Jefferson’s Epitaph

Thomas Jefferson (April 2, 1743 O.S. – July 4, 1826) was the third president of the United States serving in that office from 1801 to 1809, when he was succeeded by James Madison, his protégé and political ally.  Jefferson stacked up an impressive record as president—he doubled the size of the country with the purchase of the Louisiana Territory; reversed the Alien and Sedition Acts of the previous Adams Administration, and sent off Lewis and Clark to explore the vast North American continent, among many other accomplishments.

But what he is likely remembered for most happened before he was elected to the highest office—in the hot summer of 1776, he wrote the Declaration of Independence, our founding document.  He penned those immortal words, “We hold these truths to be self-evident, that all men are created equal, that they are endowed by their Creator with certain unalienable Rights, that among these are Life, Liberty, and the pursuit of Happiness.” 

And with the following words our new nation was born, “When in the Course of human events, it becomes necessary for one people to dissolve the political bands which have connected them with another, and to assume among the powers of the earth, the separate and equal station to which the Laws of Nature and of Nature’s God entitle them, a decent respect to the opinions of mankind requires that they should declare the causes which impel them to the separation.”

Perhaps one of the greatest tributes to Jefferson was given in a speech to Nobel Laureates on April 29, 1962, when President John Kennedy said, “I think this is the most extraordinary collection of talent, of human knowledge, that has ever been gathered together at the White House, with the possible exception of when Thomas Jefferson dined alone. Someone once said that Thomas Jefferson was a gentleman of 32 who could calculate an eclipse, survey an estate, tie an artery, plan an edifice, try a cause, break a horse, and dance the minuet.”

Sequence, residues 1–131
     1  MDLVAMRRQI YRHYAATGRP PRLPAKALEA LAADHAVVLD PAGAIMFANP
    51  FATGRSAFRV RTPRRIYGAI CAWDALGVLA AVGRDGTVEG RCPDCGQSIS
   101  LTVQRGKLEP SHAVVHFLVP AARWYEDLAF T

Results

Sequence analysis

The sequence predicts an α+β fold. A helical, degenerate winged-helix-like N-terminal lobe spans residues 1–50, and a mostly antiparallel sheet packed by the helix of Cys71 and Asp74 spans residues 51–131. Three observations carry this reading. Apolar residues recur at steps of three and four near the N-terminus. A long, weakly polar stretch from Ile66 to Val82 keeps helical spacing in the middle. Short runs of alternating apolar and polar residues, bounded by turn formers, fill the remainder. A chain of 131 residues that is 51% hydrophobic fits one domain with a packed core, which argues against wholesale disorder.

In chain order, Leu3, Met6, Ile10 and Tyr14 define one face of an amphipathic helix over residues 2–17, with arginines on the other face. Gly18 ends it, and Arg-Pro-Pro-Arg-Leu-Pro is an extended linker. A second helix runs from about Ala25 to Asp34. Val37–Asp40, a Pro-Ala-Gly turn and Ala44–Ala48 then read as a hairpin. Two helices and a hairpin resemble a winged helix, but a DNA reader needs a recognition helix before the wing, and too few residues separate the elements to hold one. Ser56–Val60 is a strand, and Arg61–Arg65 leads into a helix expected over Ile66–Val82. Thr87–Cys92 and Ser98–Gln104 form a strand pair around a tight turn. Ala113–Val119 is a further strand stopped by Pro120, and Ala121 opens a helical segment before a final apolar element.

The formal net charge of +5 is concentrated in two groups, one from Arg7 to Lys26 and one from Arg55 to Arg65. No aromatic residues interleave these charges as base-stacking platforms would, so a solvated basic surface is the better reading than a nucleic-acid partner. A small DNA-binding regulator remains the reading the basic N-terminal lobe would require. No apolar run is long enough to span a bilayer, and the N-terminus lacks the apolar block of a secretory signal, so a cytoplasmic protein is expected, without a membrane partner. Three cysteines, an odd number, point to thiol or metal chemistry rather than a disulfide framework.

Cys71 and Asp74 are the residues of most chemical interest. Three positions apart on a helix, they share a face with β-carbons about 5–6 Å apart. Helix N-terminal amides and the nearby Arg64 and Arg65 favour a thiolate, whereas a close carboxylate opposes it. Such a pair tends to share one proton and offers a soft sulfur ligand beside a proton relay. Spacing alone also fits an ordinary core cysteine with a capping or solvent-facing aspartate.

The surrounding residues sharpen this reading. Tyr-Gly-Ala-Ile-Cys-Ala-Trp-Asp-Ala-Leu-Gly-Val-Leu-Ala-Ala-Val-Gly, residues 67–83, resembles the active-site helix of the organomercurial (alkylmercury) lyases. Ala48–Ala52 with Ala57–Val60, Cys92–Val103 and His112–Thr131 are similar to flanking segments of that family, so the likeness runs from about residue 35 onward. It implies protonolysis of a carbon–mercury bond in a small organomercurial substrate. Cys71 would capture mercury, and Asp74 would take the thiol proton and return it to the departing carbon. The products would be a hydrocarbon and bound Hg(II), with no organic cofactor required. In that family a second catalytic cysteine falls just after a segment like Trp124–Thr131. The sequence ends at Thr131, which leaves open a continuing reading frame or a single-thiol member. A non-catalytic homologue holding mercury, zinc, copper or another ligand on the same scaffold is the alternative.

He was definitely, to use an over used word, a genius.  He could read and write Latin and Greek and was fluent in French.  He designed his palatial home, Monticello.  Jefferson was a voracious reader and writer.  But Jefferson, though an accomplished politician and statesman, only wanted to be remembered for three things, which he had carved on the obelisk that he designed.  Jefferson left explicit instructions that not a single word more be carved on his gravestone but the following:

Here was buried

Thomas Jefferson

Author of the Declaration of American Independence

of the Statute of Virginia for religious freedom

& the Father of the University of Virginia

The gravestone that marks the grave of Thomas Jefferson is a replacement.  The original was picked at by souvenir seekers.  Jefferson left instructions that his gravestone be made of a lesser stone, of a course stone, so as to prevent someone from wanting it.  He had no idea it would be chipped away by tourists.

I would like to thank my friend and colleague, Denny, and my friend and neighbor, Doug, for sharing their photos of Monticello and Jefferson’s graveyard with me.

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